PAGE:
University of Wisconsin physicist Francis Halzen and colleagues made the case for the expansion at a workshop in Virginia on April 24.

    It’s as if the IceCube experiment is a giant digital camera, Halzen says, and every neutrino spotted is a pixel. “The more you have, the clearer the picture gets,” he says. “To see several neutrinos come from the same source, you are likely to need well above one thousand.”

    The sources of IceCube’s first 100 neutrinos could be exploding stars in distant galaxies. Or they could come from some other process, like the decay of dark matter particles in our galactic halo.

    “I can tell you what would be most exciting: if they came from something we haven’t seen before,” Halzen says.

    An expanded IceCube experiment could also include a bonus, smaller experiment called PINGU, which would detect lower-energy neutrinos to allow scientists to study their properties.

    Neutrinos are elementary particles that very rarely interact with other matter. To catch a thousand of them, IceCube scientists would need to run their current experiment for a decade, Halzen says.

    The IceCube experiment consists of more than 5000 detectors about the size and shape of a basketball, strung on 86 lines and lowered into holes in the ice. When a neutrino interacts with the ice, it releases a particle such as a muon. The small shockwave that follows the particle as it travels through the ice emits blue light in the form of Cherenkov radiation. The detectors catch this light.

    It turns out, the ice is even clearer than previously thought. The IceCube detectors built 15 years ago are located 125 meters apart from one another. If the scientists add new detectors, they’ll be able to double the spacing, which means they will be able to drastically expand the array without drastically increasing the number of detectors.

    “We can do this for about the same amount of money we spent on the original array,” Halzen says.

    The physicists would like to upgrade their hot-water ice drill, originally designed and built for IceCube at University of Wisconsin, and add 120 new strings of detectors, installing about 20 at a time over six years.

    See the full article here.

    Symmetry is a joint Fermilab/SLAC publication.

    ScienceSprings is powered by MAINGEAR computers

  • richardmitnick 4:39 pm on November 8, 2013 Permalink | Reply
    Tags: , , , , IceCube Experiment, ,   

    From Symmetry: “Ultra-high-energy neutrinos” 

    November 08, 2013

    Scientists on the IceCube experiment discovered two extraterrestrial neutrinos with energies higher than any neutrino anyone had detected before.

    Kelen Tuttle

    Physicists on the IceCube experiment were in for a jolt. In processing data taken by their strings of more than 5000 light-sensitive detectors suspended under Antarctic ice, they discovered two particles called neutrinos with 1000 times more energy than the ones that regularly zip through IceCube’s detectors. They are the highest-energy neutrinos ever observed.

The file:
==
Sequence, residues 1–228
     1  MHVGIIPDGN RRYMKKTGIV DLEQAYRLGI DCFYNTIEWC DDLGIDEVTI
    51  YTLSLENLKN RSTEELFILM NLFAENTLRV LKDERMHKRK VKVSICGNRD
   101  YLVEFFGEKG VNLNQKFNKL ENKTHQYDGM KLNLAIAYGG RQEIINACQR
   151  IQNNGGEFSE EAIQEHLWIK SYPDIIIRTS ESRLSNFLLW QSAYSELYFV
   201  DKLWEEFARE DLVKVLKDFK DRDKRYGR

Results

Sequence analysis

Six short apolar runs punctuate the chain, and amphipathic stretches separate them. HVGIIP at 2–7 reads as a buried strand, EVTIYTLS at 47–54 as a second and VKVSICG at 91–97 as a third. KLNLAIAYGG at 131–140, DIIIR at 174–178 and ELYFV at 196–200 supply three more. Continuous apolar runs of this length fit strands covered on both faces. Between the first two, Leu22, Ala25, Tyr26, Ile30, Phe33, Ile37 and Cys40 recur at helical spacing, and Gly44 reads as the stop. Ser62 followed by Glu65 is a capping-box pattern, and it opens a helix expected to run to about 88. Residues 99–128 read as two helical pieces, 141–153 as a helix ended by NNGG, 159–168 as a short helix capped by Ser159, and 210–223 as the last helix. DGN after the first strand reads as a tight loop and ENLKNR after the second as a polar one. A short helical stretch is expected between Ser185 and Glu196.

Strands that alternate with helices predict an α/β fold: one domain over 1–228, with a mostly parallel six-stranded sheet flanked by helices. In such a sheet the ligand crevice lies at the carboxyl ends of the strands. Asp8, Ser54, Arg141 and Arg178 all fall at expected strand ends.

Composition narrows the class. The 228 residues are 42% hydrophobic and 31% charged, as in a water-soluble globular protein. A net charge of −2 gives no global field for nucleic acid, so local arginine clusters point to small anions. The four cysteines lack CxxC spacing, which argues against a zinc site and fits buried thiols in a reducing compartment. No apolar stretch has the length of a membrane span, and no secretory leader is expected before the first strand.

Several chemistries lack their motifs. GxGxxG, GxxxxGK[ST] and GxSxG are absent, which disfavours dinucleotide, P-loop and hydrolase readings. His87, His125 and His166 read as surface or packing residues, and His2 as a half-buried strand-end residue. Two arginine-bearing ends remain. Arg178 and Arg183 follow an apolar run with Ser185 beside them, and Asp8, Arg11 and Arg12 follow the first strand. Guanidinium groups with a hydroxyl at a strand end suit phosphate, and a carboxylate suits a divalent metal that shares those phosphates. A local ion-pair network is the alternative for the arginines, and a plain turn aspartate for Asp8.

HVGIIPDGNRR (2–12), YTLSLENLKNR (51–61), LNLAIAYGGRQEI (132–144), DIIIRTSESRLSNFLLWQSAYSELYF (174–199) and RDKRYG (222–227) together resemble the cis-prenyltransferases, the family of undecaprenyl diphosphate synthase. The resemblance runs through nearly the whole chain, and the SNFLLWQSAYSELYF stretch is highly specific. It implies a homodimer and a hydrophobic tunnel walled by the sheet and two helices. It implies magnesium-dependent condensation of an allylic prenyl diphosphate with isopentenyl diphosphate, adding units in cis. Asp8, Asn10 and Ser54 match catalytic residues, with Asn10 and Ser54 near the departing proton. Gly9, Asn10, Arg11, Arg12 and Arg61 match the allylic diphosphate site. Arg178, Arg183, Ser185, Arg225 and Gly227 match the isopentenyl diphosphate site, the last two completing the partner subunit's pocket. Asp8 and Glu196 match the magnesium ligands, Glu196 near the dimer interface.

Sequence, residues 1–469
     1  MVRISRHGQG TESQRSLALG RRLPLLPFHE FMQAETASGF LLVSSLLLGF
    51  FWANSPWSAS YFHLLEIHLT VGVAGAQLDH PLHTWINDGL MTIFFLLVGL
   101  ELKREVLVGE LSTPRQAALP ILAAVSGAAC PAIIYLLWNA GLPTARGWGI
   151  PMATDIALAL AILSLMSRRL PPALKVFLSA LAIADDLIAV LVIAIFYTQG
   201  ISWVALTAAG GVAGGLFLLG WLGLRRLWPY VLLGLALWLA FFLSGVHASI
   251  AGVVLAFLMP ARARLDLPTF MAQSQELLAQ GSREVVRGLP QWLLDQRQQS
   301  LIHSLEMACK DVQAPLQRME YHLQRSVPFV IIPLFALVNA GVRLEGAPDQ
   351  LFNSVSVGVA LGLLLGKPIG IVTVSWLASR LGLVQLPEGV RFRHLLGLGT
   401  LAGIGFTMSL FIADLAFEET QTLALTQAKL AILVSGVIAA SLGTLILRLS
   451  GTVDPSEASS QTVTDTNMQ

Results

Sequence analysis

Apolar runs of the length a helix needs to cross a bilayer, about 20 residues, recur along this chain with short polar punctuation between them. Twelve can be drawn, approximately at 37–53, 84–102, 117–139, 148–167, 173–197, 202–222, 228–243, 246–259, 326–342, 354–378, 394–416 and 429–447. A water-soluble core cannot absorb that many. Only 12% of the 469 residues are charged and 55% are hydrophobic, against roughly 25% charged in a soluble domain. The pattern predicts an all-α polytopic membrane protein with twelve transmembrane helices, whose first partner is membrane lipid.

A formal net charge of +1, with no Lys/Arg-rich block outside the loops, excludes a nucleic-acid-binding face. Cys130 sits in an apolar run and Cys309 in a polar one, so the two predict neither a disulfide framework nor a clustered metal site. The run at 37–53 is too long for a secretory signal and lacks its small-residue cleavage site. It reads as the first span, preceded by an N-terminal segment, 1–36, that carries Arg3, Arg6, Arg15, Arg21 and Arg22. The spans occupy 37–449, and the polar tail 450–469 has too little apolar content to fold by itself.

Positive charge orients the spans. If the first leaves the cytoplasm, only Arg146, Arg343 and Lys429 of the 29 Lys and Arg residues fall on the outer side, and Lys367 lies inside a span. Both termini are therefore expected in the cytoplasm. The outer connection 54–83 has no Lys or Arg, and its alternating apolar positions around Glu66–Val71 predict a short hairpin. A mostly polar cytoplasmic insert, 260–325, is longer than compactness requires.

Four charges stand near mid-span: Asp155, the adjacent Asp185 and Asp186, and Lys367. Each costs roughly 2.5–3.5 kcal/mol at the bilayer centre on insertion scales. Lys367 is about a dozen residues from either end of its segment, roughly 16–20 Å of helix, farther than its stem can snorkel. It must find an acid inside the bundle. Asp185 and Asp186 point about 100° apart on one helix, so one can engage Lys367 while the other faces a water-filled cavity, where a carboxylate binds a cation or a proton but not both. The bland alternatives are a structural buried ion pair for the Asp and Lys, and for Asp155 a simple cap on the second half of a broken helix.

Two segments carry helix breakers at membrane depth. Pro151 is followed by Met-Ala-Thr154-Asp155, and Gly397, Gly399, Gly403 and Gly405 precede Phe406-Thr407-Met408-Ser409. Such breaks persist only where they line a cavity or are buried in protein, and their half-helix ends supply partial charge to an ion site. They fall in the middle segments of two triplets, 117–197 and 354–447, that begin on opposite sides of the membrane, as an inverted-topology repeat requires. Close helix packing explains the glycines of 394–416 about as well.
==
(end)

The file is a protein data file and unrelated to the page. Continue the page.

Courtesy of IceCube collaboration

    Nearly all of the neutrinos that IceCube sees are produced in Earth’s atmosphere. These atmospheric neutrinos tend to have energies somewhere between 1 and 10—and occasionally as high as 100—trillion electronvolts. The two unusual neutrinos appear to have come from far out in space and carried an impressive 1000 trillion electronvolts of energy. Each one lit up hundreds of IceCube’s detectors.

    “These two neutrinos were discovered in an analysis that was optimized to see something else entirely—so they were quite the surprise,” says Kurt Woschnagg, an IceCube collaborator from the University of California, Berkeley.

    Since these were the most exciting particles IceCube had ever observed, collaborators spent much time talking and writing about them.

    “These events were originally named with long strings of numbers,” says graduate student Jakob van Santen. “But that was confusing—people would accidentally mix them up by transposing numbers.”

    So van Santen named them Bert and Ernie, after the Sesame Street characters that their event displays somewhat resembled. He named Bert because it came from a more horizontal direction, whereas Ernie was more vertical and slightly larger, sort of like the heads of each Muppet.

    “Unfortunately my memory of Sesame Street was a bit too dim, as was pointed out to me some time later: Bert is the one with the elongated head, and Ernie is the wide one,” van Santen says. “By that time it was too late; the names had stuck.”

    Through careful analysis of Bert and Ernie, the collaboration confirmed that they had seen extremely high-energy neutrinos produced not in the Earth’s atmosphere, but somewhere beyond. Because neutrinos interact rarely with matter, these neutrinos may serve as messengers, carrying clear information about the most powerful cosmic events, including gamma-ray bursts, black holes and the formation of stars. The collaboration is now refining and expanding their analysis to learn more about these two zingers while also hunting for additional high-energy extraterrestrial neutrinos. Where there’s a Bert and an Ernie, there may also be a Mr. Snuffleupagus and an Oscar the Grouch.

    See the full article here.

    Symmetry is a joint Fermilab/SLAC publication.

    ScienceSprings is powered by MAINGEAR computers